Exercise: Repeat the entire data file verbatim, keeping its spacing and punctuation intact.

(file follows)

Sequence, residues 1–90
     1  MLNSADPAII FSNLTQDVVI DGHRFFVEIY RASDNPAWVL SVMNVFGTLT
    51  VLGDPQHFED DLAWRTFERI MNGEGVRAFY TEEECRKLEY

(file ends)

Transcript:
Sequence, residues 1–90
     1  MLNSADPAII FSNLTQDVVI DGHRFFVEIY RASDNPAWVL SVMNVFGTLT
    51  VLGDPQHFED DLAWRTFERI MNGEGVRAFY TEEECRKLEY